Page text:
Witchboy's Cauldron

Melbourne Travel Log

Day 1 Continued

The keynote speech-which I was scheduled to give at 6pm-was to be held in a dojo, which I liked a lot. (There was actually a framed photo on the wall of a screaming Australian martial artist getting poked hard in the eye.) By this point, I was running on fumes. The conference got under way, in a super casual "set up the stage audio stuff as the speakers are talking" fashion. Looking around, I saw a bunch of people who were there to do a good thing because they were having fun, because they wanted to, not because they were being paid a lot of money to do it. It was really refreshing, in contrast with the energy-charged, but impersonal, mass-spawning-waters experience of E3, which I'd attended less than a week earlier.

After the conference got under way, Fiona recommended that I head to the hotel for a shower and a nap. (I was looking even more bedraggled than usual, apparently.)

The cab ride to the Ibis hotel was cheap and the driver was friendly. He'd moved to Melbourne in 1957, years before-in his vernacular-I was a wicked grin on my mother's face.

At the Ibis, my plans were dashed. I couldn't check in until 2pm, something like 4 hours later. I couldn't buy Australian cash with my plastic, so I was only able to get enough for a locker. I dumped my baggage into the locker, and then went into the lobby to use the Internet. However, both terminals were down. The Ibis is cool, but it's not the W, I learned. I trekked out into the streets, starving and exhausted, looking for food and connectivity.

It was looking more and more like I would have to give my speech un-showered and un-rested. (Before arriving, I assumed that I'd be able to rest for one day before speaking, as is the usual custom in the tech-culture-conference world.)

I walked for blocks, checking out 3 Internet cafes. None of them would let me plug my laptop in; they would only let me use their computers. Since, before leaving the US, I had left a world of intriguing business and game studio developments in a whirl at my back, I really wanted Internet access.

At one of the Internet cafes, the attendant was also a vegetarian. She recommended a place to eat called SushiMax, which was good. Starving, I ate too much, probably to kill time and busy my anxious self.

My laptop batteries were fading away as my own biological batteries were doing the same. I had tweaked my speech on the flight (of course), so I copied it to a USB keychain fob just in case. (I suddenly wondered: How can the GBA have so little memory when this tiny keychain fob holds hundreds of megs?)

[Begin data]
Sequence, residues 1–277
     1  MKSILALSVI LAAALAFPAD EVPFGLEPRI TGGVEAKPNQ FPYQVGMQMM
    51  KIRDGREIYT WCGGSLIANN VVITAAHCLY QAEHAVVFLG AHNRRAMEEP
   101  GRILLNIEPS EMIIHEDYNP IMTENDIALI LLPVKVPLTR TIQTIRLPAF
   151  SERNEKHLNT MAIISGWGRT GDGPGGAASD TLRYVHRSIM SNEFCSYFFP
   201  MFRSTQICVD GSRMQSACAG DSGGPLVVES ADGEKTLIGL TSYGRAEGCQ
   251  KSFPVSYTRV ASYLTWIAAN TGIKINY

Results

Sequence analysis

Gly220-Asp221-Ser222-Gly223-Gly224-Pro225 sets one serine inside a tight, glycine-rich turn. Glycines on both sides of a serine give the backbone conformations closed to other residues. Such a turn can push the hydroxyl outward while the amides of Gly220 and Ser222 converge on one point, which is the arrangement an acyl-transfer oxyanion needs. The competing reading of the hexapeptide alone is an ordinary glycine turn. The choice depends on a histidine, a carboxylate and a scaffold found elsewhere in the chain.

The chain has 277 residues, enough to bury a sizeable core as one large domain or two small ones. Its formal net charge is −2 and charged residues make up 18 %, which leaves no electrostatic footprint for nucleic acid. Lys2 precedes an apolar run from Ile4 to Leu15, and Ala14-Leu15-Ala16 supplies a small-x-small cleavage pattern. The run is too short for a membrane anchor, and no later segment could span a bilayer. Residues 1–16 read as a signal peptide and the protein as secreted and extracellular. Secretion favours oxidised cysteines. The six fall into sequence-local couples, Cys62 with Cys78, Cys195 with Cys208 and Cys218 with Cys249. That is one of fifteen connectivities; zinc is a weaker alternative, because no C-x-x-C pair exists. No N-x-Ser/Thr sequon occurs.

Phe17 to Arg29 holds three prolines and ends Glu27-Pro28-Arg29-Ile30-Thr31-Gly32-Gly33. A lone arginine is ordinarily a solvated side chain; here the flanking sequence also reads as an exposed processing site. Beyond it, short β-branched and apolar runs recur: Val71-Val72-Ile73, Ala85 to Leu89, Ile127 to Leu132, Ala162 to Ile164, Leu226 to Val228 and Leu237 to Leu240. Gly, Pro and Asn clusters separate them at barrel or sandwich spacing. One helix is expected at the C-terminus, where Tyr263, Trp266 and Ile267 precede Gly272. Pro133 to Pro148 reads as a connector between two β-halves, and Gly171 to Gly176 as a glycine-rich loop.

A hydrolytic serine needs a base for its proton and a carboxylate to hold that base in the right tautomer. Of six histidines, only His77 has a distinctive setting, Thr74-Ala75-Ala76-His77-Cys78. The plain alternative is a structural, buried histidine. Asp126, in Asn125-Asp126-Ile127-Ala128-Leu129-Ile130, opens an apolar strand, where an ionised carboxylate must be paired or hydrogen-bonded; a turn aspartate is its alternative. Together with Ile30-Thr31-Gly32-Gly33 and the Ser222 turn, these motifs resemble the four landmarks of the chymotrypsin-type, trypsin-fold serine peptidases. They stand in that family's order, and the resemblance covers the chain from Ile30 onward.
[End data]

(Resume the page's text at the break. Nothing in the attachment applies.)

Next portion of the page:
Back at the Ibis, they finally let me check in. I took a shower and-after lying in bed for a long while, fighting jetlag-managed to get an hour of actual sleep. When I woke up, I felt like a donkey had kicked me in the head, so I took another shower.


Keynote Speech

I had a taxi drop me at the Free Play conference dojo and prepared for my speech. I'm not sure how many people were there, but I was told it was a couple of hundred. Who knows... This was my first speech that wasn't specifically about game design. It was all about inspiration and hanging on to the spirit of creative independence in the modern game development climate. Everyone I talked to seemed to like it, but then again the Australians seem like very polite people to me. So, again, who knows. I enjoyed delivering the talk, one way or another.

I hung around after the speech and the conference slowly transitioned into a party. I didn't have a drink (just because I didn't feel like it, in my exhausted state), but everyone around me started getting sloshed. I spent 5 minutes with one group, 10 with another, moving around and meeting as many people as I could.


Red Light

One of the best conversations I had was with a guy who had been called "insane" at an earlier session for asking whether interactive media might someday be more culturally relevant than film. I opened my laptop and showed him a rant I had written earlier in the week on the exact same subject, sharing his viewpoint. This gave him a feeling of vindication, I think. He was smart and passionate.

At some point, the party transitioned from the games group to the film group; within an hour, the room had a much higher ratio of hip haircuts, attractive women and (I kid you not) men in fur coats, Tyler Durdan style. It was increasingly difficult to hear the drunk people talk over the obnoxiously loud DJs. Wanting to go back to my room, I finally walked out with a group of developers-with whom I had spent the last half hour talking-and said goodnight, flagging a taxi.

This cab driver was a serious racist, explaining to me how his favorite hate group controlled the world's economies. Last time I'd heard this rant from a cabbie, I was in LA, several years back.

At the hotel room, I tried to call back to the states, but failed to figure out how. Feeling totally frustrated by technology and totally cut off from my life, I fell asleep, exhausted.

Next: Day Two

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Travel Log - Melbourne

Freeplay 2004

GDC 2004: Emergence

Orthogonal Unit Differentiation

Systemic Level Design

Travel Log - Hong Kong

Sacrifice Review

Features Without Interface

Transcendent Moments

Half-Life review

Worlds Apart

Distinct Functions in Game Units

The Future of Game Design

 

 

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Content 2003 Harvey "Witchboy" Smith     Design 1998 TheZealot